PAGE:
Amazing grace, how sweet the sound, that saved a wretch like me…
This wretch was indeed saved by a sweet sound: the music of faith, hope, and love. The testimony of generations past, methodically, melodically drummed into my mind and heart, since before I was born. What chance did I have, with parents who met in the middle school choir at their small Christian school. I felt it before I knew it, in 3/4 and 4/4 time, with the occasional 6/8. I loved it before I understood it, born and bred a mockingbird, listening intently and repeating back by heartfelt heart. The sweet sound of amazing grace made me who I am.
But now the calluses on my left hand fingertips have just about faded. Not long ago I would half-jokingly boast that I’d take these calluses to the grave, as I’d play my guitar, mandolin, bass or banjo at least daily, mixing in the older songs I grew up on (usually a touch modernized and syncopated) with the newer songs that fed my soul all the more. The old songs, with their Thees and Thous and folk tunes stripped of their pep, were deep theology in verse. The new songs featured simplified, emotional lyrics, with plenty of build up and laser-guided, tear-jerking bridges. Playing, and writing, both styles felt like the perfect balance of head and heart. I was constantly amazed that I got paid, in part, to make this music every Sunday morning.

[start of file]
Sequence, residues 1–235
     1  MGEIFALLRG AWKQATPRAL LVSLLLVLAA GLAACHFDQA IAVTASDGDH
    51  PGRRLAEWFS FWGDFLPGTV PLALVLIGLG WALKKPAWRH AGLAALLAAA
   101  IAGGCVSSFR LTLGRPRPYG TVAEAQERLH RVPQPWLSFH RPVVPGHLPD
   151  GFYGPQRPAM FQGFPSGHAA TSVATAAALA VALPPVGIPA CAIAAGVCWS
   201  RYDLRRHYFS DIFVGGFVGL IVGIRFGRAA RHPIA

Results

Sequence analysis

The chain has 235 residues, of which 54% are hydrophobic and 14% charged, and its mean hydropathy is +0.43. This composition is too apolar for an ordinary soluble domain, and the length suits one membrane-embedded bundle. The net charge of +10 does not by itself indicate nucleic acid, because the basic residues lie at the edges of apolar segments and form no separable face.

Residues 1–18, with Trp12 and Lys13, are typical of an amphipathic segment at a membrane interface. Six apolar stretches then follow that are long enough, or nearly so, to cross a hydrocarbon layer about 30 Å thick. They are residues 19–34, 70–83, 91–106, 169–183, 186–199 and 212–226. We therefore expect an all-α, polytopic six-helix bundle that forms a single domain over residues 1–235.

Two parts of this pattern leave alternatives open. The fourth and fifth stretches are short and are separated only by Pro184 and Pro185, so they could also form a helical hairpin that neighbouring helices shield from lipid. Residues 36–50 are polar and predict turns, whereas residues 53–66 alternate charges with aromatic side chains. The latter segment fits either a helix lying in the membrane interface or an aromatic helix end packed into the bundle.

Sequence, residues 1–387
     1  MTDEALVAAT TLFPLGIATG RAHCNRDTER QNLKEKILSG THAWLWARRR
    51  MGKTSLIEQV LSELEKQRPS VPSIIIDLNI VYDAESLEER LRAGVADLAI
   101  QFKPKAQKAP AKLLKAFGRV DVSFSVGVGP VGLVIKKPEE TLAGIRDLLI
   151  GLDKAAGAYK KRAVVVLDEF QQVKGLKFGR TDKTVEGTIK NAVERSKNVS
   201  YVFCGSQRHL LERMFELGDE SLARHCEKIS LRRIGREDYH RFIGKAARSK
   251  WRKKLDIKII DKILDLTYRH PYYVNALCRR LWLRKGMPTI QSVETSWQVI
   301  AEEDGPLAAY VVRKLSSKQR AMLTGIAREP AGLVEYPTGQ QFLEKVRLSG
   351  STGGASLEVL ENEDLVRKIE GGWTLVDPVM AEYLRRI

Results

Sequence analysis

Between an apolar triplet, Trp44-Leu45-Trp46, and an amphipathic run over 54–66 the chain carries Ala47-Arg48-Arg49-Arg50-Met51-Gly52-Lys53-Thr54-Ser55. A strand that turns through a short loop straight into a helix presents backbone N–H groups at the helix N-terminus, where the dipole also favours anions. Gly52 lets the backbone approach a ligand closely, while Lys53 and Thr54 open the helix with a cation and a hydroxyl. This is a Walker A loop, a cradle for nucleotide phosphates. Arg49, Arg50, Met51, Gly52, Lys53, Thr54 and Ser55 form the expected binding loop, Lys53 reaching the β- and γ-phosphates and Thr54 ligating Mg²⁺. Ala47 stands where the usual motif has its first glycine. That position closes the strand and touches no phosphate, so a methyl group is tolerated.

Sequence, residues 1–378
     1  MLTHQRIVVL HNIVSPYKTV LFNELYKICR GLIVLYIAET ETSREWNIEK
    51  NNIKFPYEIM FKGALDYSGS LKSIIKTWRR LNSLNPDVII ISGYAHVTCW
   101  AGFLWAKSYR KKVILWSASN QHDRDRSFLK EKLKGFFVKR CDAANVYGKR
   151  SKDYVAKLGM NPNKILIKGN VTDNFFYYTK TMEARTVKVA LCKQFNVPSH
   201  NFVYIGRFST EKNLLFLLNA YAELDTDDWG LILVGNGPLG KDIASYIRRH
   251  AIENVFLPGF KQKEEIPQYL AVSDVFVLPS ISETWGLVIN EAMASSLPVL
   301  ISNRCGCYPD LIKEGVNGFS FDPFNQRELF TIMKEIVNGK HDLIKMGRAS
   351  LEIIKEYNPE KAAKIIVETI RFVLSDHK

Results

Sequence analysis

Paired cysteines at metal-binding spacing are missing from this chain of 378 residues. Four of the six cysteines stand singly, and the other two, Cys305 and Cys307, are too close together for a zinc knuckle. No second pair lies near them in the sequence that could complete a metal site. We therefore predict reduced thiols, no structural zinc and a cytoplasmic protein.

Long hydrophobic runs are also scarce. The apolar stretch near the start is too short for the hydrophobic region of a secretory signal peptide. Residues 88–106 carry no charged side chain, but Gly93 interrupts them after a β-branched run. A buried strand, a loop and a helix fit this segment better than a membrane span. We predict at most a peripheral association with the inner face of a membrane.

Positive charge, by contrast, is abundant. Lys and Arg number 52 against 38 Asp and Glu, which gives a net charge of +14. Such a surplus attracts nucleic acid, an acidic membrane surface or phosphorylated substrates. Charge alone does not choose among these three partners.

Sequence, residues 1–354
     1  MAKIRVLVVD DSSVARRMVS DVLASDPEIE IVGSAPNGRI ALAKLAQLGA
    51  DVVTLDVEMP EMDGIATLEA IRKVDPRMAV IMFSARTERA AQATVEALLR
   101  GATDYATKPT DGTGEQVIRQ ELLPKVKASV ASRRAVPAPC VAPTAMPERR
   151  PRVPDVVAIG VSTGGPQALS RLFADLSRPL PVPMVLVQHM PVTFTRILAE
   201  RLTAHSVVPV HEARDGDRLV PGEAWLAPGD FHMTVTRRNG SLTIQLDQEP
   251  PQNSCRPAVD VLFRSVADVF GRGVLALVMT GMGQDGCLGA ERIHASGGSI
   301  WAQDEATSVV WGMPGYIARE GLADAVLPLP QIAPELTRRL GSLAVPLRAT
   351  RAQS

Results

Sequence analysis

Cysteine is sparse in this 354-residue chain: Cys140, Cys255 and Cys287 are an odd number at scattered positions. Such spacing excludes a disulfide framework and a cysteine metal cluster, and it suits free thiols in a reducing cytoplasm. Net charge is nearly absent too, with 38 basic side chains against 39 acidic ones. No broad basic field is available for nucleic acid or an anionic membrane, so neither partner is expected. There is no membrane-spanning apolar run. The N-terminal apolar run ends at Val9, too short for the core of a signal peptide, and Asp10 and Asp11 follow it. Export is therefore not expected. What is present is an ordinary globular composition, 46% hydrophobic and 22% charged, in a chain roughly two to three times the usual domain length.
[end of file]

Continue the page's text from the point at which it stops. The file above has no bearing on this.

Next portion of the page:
Until I didn’t. Now I can’t even listen to it without my stomach flipping. But not long ago, at funerals, at weddings, at recovery meetings, Bible studies, and church services, I’d loudly sing of once being lost and now being found, of once being blind but now seeing.
A mockingbird can’t not sing his song. Sometimes he’s content to sing to himself while going about his business. Other times an irresistible urge comes over him, and he flies to the very top of the tallest tree, displaying and exposing himself at great risk, hoping for a great reward, throwing his head back and exploding in a kaleidoscope of rhythm and melody. If all goes well, his territory is defended and strengthened by his sweet sound. But if a hawk takes notice, it could be his swan song.
After a lifetime of climbing, I saw the very face of God at the top of my tree. I heard the music of heaven itself and repeated it back to anyone who might listen. But I was knocked from my perch, or did I just lose my grip? Either way, I look up from the ground, wings broken, ears ringing, hoping to remember the wretch-saving, sweet sound of grace I once knew by heart.